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Award-Winning Thesis Brings Innovative Tool to Real Estate Development by Michael Mack Posted December 23, 2009 It's no news to a real estate developer that his or her job is complex. Perhaps the most multidisciplinary of fields, real estate development demands the coordination of many domains – design, architecture, planning, engineering, construction, law, policy, and more.
Have you ever thought about the quality of your code? Well, I bet. Have you ever strived for a sound architecture of your software solutions?
Excessive inter-module dependencies have long been recognized as an indicator of poor software design. Highly coupled systems, in which modules have unnecessary dependencies, are hard to work with because modules cannot be understood easily in isolation, and changes or extensions to functionality cannot be easily localized. Imagine how complex Eclipse plugin development would be if every plugin had a cross-dependency on every other plugin. Maintaining Eclipse would be a nightmare because of the risk that changing one portion could impact everything else. However, it isn't always clear which dependencies are necessary or even desirable and which ones are good candidates for elimination.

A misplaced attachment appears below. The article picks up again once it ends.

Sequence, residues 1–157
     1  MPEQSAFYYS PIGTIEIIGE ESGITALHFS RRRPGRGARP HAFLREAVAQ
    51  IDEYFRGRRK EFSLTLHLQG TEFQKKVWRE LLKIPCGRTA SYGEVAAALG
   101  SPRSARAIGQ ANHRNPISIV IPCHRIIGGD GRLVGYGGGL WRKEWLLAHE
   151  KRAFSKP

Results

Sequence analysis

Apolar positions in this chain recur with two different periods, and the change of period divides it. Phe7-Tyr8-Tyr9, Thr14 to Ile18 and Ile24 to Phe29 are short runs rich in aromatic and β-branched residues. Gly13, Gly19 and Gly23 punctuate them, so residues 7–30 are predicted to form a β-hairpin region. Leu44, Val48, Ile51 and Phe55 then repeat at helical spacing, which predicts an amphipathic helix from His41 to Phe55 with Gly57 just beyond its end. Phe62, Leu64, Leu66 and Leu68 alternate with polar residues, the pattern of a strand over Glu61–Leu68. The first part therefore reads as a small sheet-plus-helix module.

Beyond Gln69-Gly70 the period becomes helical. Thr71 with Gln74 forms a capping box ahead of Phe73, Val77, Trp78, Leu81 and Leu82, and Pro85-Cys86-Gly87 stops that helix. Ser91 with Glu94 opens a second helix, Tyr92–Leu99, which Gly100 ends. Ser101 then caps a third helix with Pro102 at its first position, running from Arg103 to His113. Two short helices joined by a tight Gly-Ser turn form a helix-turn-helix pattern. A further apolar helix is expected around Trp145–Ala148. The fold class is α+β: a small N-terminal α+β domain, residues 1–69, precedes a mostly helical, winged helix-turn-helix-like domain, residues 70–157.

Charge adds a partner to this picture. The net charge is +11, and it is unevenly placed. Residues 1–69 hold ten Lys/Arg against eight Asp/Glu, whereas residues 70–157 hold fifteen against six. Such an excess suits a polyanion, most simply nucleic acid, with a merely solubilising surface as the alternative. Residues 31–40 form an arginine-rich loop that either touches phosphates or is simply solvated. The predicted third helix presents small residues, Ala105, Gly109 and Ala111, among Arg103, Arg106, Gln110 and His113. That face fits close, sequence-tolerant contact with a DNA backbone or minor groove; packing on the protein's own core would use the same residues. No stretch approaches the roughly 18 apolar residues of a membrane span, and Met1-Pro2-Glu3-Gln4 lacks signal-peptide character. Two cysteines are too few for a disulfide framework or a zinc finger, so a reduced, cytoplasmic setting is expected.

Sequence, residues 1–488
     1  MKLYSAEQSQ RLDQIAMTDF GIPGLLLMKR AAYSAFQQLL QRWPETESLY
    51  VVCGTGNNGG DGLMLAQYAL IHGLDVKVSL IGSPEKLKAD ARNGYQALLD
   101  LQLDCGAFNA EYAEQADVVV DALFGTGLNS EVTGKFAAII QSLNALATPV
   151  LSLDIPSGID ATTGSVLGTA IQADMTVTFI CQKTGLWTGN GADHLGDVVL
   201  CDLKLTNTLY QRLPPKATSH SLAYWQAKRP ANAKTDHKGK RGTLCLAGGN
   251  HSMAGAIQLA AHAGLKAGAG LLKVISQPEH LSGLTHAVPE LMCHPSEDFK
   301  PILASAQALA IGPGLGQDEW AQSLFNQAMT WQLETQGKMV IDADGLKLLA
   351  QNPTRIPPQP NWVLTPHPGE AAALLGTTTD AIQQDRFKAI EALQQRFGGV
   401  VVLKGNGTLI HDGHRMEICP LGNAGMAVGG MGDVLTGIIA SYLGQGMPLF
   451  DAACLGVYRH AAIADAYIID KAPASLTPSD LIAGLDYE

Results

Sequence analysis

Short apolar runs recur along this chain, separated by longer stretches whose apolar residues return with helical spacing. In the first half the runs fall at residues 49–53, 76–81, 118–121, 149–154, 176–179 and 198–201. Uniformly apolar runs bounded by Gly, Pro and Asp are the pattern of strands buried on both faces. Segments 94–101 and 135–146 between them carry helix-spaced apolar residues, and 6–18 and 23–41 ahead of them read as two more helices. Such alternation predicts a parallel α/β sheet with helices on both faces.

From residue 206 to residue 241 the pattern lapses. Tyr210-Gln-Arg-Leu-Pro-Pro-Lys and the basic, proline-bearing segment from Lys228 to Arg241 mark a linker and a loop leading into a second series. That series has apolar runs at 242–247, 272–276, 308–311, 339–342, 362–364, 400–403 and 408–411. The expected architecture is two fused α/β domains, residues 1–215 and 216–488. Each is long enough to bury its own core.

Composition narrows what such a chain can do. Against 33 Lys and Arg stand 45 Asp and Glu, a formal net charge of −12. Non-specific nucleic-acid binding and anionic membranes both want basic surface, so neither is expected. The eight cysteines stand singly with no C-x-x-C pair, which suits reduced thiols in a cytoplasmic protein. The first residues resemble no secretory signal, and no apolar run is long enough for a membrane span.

There is a very clever theory that was developed at MIT and put to use by Lockheed Martin and similar firms. This is the Design Structure Matrix concept. The other concept is System Dynamics .
DSM stands for Dependency Structure Matrix or Design Structure Matrix. It is a way to represent systems. The DSM representation was invented more than 30 years ago.